Estate Planning in the Digital Age - How are my digital assets dealt with on my death?
- AuthorAlexandra Hamilton
Today, we undoubtedly live in a world full of digital "online" influence – online banking, social media, online shopping and even virtual meetings using platforms such as Microsoft Teams and Zoom. Certainly the global pandemic has moved us all even closer to embracing a digital reality as part of our everyday lives.
When we take a look at our digital footprint and our online presence, such as our photos and social media accounts it does lead to a question – what happens to all of this when we die?
Well let's begin with what a digital asset actually is – digital assets in essence, are pieces of information in digital form as opposed to tangible assets like your house and your bank account. They are usually accessed through an online account such as with Google, Apple, Facebook and Instagram and include photos, e-books, music tracks, emails, videos an even cryptocurrency. These accounts are often accessed by a username and a password and whether it be for sentimental or financial reasons, it is important to plan what happens to these accounts on your death.
Now whilst most financial assets will pass in accordance with your Will, such as your online bank accounts, with sentimental assets in particular the difficulty arises with accessing the asset and therefore transferring control to your executors. Unfortunately, there is no blanket approach yet taken by service providers on how these can be dealt with and usually, they do not automatically recognise your executors as having any legal authority to access your accounts.
It is therefore, at least for now, necessary to think about enabling access to our digital assets following death. We have recently seen some well-known service providers create access policies allowing users, during their lifetime, to choose those to be granted access rights on their death:
- Apple/iCloud – the ability for users to add a 'Legacy Contact' to their account. This should be a person the user trusts to access their data stored in their Apple account after their death, without the need to provide Apple with a Grant of Probate. Apple will provide your contact with a unique access key which would need to be presented to Apple along with the user's death certificate. Importantly, this would not allow the contact to access the users' payment details or Keychain passwords.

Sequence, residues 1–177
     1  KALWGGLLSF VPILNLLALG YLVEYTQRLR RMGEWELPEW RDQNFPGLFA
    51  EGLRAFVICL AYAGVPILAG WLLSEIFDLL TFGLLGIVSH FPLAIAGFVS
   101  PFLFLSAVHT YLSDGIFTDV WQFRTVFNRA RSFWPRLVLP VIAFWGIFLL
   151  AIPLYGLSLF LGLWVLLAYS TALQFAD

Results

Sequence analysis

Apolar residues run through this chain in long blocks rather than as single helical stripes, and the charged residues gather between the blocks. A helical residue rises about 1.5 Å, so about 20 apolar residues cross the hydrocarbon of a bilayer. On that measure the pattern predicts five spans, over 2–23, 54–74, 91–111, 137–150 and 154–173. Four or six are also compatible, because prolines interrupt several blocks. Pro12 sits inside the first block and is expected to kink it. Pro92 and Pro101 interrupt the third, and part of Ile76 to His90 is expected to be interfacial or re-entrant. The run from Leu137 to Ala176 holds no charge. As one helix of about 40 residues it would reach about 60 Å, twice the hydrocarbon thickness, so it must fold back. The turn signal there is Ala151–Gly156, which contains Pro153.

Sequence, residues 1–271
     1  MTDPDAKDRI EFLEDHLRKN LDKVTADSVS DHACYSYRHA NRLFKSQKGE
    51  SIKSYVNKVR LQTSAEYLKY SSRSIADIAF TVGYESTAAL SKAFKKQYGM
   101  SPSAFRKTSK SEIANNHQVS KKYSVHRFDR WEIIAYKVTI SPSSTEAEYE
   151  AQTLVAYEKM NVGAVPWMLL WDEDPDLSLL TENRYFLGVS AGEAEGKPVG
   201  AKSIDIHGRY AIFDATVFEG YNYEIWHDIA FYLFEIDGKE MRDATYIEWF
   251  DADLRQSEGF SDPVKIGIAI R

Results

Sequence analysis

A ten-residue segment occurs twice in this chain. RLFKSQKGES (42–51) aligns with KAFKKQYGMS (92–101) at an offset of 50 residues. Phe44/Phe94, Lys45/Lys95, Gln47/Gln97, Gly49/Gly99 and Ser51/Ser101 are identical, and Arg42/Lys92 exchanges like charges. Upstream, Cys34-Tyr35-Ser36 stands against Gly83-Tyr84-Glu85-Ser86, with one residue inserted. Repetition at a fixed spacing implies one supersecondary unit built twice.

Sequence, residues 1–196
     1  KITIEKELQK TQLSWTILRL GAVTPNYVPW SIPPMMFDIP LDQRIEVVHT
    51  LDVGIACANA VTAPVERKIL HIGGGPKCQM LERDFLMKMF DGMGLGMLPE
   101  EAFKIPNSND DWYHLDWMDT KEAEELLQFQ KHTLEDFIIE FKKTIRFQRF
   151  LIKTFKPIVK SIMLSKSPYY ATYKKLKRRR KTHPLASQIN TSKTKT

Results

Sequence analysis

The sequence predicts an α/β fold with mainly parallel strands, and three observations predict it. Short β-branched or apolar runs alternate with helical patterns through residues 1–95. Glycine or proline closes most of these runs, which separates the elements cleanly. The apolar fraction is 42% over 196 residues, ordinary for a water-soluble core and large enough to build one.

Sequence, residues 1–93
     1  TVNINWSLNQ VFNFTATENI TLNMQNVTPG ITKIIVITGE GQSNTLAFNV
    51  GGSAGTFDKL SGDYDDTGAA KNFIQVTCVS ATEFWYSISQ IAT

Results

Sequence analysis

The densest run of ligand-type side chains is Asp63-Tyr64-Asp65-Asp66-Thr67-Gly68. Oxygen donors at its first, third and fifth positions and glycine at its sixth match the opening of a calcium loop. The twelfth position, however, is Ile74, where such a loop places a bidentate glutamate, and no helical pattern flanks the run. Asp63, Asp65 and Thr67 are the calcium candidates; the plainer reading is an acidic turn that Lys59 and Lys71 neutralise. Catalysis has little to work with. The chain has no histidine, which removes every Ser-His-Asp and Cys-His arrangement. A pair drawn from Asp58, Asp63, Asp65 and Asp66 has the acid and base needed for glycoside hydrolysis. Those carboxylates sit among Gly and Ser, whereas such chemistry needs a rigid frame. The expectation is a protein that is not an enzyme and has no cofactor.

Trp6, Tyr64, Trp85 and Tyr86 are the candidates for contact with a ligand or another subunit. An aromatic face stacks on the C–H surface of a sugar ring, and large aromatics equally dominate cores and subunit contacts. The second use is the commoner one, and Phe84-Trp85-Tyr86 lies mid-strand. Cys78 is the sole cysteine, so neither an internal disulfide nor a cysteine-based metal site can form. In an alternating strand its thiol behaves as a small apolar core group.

- Facebook – similar to Apple in that the user can select a 'Legacy Contact' to take control over certain aspects of the account. The contact will be able to delete or memorialise the account. They will not be able to access the user's messages and they would not be able to post comments as the user, only memorial posts about the user.
- Google – users can nominate someone to be contacted by Google following their death allowing them to download the users' data, which the user has chosen to be made available on their death.
Digital assets with financial value, such as Bitcoin, again can usually only be accessed by way of a pass key. It is therefore important that if you do own any cryptocurrency, that the pass key or other account details for any apps or trading platforms used, should be provided to your executors.
In summary, we all need to be aware that digital assets are going to become a far more commonplace part of dealing with a deceased's estate in the near future. Given the lack of a consistency on how your executors can deal with your digital assets, the most important action to be taken at this stage, would be to ensure that you make a list of any digital assets you have together with any login details (including for your personal devices such as your phone, laptop and tablet). These can always be stored in a sealed envelope with your Will and then only provided to your executors on your death. Ultimately, this then gives you the peace of mind that all of your assets can be accessed and dealt with upon your death.
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